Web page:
"This was one-fifth lower than the estimated 33 percent average survival for hydropower system migrants during the 1993 and 1994 outmigrations," said the NMFS memo, "prior to the implementation of BiOp spill, and approximately one-half of the estimated 50-percent survival for hydropower system migrants during the 1995 through 2000 outmigrations."
Until the numbers of returning jacks were analyzed last month, fish managers had speculated that poor conditions in the estuary and plume might decimate the run. But the sizable spring chinook jack return rate (figured as a percentage of total spring and summer chinook released from Snake Basin hatcheries the previous year) has raised eyebrows. "Based on these data," the memo says, "we expect that the complete adult return rate from the 2001 outmigration will likely fall in the range of those from the last few years."
Further, the memo goes on to explain that the adult spring and summer return to the Snake in 2001 was the largest on record, with this year's return taking second place. The memo pointed out that those returns resulted primarily from large hatchery releases (nearly 11 million smolts in 1999 and 7 million smolts in 2000). The scientists said they expect considerably fewer adult fish to return next year, since the hatchery release that gave them their start only amounted to 4.1 million fish.
Nevertheless, the high jack return rate continues a trend that took a dramatic jump in 1998, when returns climbed to six times the rates of the early 1990s, when ocean conditions were less productive. In 1999 and 2000 returns continued upward to a rate more than 10 times that of the early 1990s. A graph that accompanied the memo showed a dip in the returning jack rate in 2001 to about seven times that of the early 1990s, but it has shot back up this year to about 12 times the survival rate of the early 1990s. It is actually a bit better than the previous high for the 2000 jack return--a group of fish that found estuary conditions and an ocean plume generated from average spring flows, not the dismal local conditions facing last year's migrants, when flows from the Columbia River were about half of normal and the second-worst on record.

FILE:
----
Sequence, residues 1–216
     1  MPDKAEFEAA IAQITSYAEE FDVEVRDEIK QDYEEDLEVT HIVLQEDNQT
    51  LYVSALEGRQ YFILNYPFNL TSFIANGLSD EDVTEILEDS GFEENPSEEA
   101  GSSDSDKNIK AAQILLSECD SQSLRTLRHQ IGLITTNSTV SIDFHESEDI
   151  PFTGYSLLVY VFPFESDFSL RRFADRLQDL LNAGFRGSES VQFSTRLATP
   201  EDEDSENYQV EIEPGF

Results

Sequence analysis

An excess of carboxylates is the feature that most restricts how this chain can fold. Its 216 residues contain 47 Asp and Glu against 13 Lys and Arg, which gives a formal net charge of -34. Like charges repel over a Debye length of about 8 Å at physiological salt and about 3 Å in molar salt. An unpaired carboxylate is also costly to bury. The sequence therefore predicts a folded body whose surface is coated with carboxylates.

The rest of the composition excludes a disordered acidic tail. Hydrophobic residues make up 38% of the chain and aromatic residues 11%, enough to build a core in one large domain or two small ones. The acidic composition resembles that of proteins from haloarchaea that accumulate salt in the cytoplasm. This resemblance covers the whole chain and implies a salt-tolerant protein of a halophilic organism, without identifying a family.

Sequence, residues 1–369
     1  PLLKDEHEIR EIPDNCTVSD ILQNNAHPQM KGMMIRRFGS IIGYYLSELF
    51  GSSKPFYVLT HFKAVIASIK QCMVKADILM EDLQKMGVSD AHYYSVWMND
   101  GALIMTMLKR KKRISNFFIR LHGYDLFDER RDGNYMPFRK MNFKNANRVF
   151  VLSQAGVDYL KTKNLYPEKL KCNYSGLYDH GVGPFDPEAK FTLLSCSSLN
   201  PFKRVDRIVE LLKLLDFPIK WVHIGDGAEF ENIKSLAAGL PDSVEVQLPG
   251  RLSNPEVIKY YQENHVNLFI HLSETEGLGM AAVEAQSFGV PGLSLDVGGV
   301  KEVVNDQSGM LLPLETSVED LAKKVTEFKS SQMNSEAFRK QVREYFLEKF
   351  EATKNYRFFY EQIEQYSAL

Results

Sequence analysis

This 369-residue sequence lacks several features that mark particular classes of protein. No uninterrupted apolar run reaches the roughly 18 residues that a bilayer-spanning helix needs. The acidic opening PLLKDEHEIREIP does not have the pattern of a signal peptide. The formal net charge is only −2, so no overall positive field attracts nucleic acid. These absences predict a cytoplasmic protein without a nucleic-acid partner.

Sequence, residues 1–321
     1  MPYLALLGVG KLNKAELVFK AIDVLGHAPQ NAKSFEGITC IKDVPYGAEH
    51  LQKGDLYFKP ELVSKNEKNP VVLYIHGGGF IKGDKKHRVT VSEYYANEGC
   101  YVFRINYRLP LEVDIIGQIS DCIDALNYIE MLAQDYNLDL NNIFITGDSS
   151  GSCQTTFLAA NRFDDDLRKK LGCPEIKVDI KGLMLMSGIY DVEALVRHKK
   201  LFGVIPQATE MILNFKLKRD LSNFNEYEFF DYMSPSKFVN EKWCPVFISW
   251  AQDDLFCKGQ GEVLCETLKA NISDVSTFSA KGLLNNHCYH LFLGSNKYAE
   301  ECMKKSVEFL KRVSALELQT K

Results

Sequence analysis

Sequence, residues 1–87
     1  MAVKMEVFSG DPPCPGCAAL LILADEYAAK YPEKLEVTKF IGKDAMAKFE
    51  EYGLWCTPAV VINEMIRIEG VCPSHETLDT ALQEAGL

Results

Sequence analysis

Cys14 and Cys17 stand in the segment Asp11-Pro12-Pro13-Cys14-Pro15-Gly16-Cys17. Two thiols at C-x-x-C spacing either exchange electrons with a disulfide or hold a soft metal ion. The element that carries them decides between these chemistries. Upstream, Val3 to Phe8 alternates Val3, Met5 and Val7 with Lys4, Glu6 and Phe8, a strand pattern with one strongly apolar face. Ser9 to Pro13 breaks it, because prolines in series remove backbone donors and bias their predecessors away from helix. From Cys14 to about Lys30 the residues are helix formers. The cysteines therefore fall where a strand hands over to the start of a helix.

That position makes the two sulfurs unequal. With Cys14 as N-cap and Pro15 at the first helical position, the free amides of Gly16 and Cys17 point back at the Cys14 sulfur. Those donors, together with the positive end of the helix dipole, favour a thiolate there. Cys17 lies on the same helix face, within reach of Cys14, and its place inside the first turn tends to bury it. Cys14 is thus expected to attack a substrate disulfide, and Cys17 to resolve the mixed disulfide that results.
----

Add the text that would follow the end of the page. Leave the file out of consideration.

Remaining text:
The hydro BiOp includes language to study the importance of the plume, which has been under way for several years now. Preliminary evidence suggests that the plume may play a more important role in the survival of fall chinook and coho migrants than for spring chinook.
Harvest managers saw coho jacks plummet last year, a fact they attribute largely to low survival in the small 2001 ocean plume (Coho jacks return only a few months after they migrate to sea). WDFW's Doug Milward said early indications from the ongoing coastal sport fishery show more than a five-to-one ratio of chinook to coho, which he said may bear out their reduced expectations for coho abundance this year. "By now, coho should be flooding Ilwaco and other areas," said Milward. "I've never seen it like this and I've been doing it for 12 years."